This country has been on a kale-craze for a while, and with celebrities like Gwyneth Paltrow endorsing it, kale is more popular than ever. We even have a National Kale Day! But does kale really deserve that kind of acclaim? The hype may be over the top, but it does have a considerable amount of science behind it.
Kale is the king of a potent, disease-preventing group of vegetables – the cruciferous vegetables, which includes broccoli, Brussels sprouts, collards, cauliflower, and bok choy. The more we learn about these vegetables, the more we see their power to prevent chronic disease when eaten consistently over time. And of all these awesome vegetables, kale packs the greatest punch.
One cup of chopped kale contains 33 calories and an incredible 684% of daily vitamin K (vitamin K is a key nutrient for helping regulate the inflammatory process), 206% of vitamin A (but delivered in beta-carotene, its natural form, making it difficult to get too much), 134% of vitamin C, 27% of manganese, 22% of copper, 9% of daily calcium (highly bioavailable calcium, which is absorbed 25% better than that of milk), as well as B6 and potassium. It’s also a good source of folate, thiamine, riboflavin, niacin, magnesium, iron, phosphorus, and zinc.
Every one cup of kale contains an exceptionally high amount of protein for any vegetable. But, even more impressive, is that like animal protein, kale contains all 9 essential amino acids that our body doesn’t make. The protein in kale is also easier to break down than animal protein. Even the half gram of fat in 1 cup of kale is high in anti-inflammatory omega-3 fatty acids (alpha-linolenic acid or ALA). All of kale’s naturally-occurring, fat-soluble antioxidants protect these fragile fats from breaking down.
The phytonutrient content in kale has powerful health benefits. Kale is the best food source for at least four high-sulphur phytonutrients, like glucosinolates, which are widely accepted by researchers as helping to prevent cancer. The high level of these sulfur-type compounds in kale has also established kale as one of the top detoxifying foods available, and researchers are finding that it happens on a genetic level.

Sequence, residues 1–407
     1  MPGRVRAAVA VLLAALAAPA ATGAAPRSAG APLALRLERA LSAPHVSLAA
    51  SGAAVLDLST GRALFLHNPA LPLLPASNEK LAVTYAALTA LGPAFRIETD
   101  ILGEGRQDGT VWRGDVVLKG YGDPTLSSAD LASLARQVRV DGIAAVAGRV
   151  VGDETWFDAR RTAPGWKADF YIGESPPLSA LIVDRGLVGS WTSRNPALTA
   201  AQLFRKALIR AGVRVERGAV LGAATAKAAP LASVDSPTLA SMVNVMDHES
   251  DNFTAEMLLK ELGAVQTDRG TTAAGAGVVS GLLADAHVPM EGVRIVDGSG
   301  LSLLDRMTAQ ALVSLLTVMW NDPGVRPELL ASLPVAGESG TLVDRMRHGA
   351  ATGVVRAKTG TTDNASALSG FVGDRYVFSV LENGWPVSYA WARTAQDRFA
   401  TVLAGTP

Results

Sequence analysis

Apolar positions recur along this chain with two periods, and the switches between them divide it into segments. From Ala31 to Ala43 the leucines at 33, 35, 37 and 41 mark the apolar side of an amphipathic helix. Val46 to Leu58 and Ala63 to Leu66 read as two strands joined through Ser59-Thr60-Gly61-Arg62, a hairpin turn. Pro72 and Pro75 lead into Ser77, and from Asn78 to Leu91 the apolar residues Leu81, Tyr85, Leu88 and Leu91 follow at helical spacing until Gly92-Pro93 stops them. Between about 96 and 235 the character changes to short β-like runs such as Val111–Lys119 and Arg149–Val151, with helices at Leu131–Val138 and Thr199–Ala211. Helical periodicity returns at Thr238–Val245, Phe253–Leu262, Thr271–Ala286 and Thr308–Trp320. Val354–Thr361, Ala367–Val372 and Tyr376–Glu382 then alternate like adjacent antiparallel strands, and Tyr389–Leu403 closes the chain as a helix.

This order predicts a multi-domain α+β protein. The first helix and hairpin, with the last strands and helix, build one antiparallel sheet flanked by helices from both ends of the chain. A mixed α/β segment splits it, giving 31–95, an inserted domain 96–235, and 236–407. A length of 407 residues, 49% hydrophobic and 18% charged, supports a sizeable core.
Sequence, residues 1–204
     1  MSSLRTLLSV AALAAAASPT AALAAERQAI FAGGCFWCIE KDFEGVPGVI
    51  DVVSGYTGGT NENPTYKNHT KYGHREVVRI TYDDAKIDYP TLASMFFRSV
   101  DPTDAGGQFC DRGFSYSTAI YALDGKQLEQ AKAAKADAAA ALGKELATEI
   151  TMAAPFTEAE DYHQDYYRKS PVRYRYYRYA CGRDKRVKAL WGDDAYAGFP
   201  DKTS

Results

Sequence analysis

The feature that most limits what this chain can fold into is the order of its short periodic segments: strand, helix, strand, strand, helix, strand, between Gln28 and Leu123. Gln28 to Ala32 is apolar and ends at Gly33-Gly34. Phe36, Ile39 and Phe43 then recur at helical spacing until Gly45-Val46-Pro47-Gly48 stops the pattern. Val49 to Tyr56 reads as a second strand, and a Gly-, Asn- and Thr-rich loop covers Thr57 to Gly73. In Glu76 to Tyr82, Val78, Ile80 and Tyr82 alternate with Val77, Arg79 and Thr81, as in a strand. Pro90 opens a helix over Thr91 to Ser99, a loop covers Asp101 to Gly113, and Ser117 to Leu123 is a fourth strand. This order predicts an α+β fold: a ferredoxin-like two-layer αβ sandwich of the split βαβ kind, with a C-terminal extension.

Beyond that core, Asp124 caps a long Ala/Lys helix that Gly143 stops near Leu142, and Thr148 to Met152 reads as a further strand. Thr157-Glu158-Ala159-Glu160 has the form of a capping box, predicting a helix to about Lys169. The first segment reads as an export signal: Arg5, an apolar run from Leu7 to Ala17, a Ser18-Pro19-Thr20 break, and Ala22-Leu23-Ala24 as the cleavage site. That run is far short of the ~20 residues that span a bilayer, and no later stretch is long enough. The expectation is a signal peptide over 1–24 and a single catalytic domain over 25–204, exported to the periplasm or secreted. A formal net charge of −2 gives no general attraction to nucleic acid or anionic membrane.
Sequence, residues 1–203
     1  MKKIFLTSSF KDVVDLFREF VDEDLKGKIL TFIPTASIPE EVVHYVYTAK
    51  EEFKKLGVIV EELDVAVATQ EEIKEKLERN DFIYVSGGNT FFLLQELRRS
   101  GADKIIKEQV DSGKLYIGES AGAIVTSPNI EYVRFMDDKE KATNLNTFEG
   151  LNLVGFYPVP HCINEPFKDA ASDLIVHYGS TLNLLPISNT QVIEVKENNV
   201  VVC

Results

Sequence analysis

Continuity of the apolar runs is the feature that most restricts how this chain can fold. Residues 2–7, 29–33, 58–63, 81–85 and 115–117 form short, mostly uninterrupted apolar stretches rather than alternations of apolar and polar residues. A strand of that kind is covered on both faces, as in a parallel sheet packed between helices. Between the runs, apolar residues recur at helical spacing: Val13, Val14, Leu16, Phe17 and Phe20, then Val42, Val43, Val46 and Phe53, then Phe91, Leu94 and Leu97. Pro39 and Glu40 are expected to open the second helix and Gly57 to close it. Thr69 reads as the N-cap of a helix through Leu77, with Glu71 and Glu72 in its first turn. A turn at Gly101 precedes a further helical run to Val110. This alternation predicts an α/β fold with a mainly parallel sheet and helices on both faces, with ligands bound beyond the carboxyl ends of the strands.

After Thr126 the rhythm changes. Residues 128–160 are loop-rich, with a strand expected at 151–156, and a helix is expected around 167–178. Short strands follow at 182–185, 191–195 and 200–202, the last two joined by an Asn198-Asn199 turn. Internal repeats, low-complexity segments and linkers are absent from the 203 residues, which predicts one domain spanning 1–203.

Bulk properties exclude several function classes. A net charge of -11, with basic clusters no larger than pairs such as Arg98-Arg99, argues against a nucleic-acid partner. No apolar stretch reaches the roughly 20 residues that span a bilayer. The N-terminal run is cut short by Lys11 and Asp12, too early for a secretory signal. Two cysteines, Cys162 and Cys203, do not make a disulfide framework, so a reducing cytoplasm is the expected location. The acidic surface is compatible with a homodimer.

Impressed? Well, there’s more. Inflammation is a main contributor of chronic disease, but kale is loaded with important flavonoids (at least 45!), which help the body to squelch inflammation and prevent chronic diseases, including heart disease. Many research studies over the past decade have shown anthocyanins to be extremely important to human health, and kale has many of them. Kale is also rich in lutein and zeaxanthin, which promote eye health.
Kale’s fiber also helps the body defend against heart disease. One cup of cooked kale has almost 3 grams of fiber. This fiber (especially when kale is steamed) helps bind bile acids and in turn lowers blood cholesterol levels – another big win for kale!
At a minimum, we should eat cruciferous vegetables two to three times per week, with at least 1 1/2 cups per serving. 2 cups eaten four to five times a week is even better. However, those taking blood thinners, like Warfarin or similar medications, should not eat kale without consulting their doctor first, since it can counteract the medicine. Also, those with low thyroid function should avoid raw kale, as it may suppress thyroid function by inhibiting the absorption of iodine. There is no need to worry about eating kale if your thyroid does function properly – eating raw kale does not cause hypothyroidism, it only exacerbates the problem in those with thyroid disease.
Take February’s Healthy Challenge and add this royal vegetable to your meal plan. Kale is arguably one of the healthiest vegetables available – so many nutrients packed in one food! Kale is in season during the cold months, so improve your health this month with this amazing superfood! What’s you favorite way to make kale?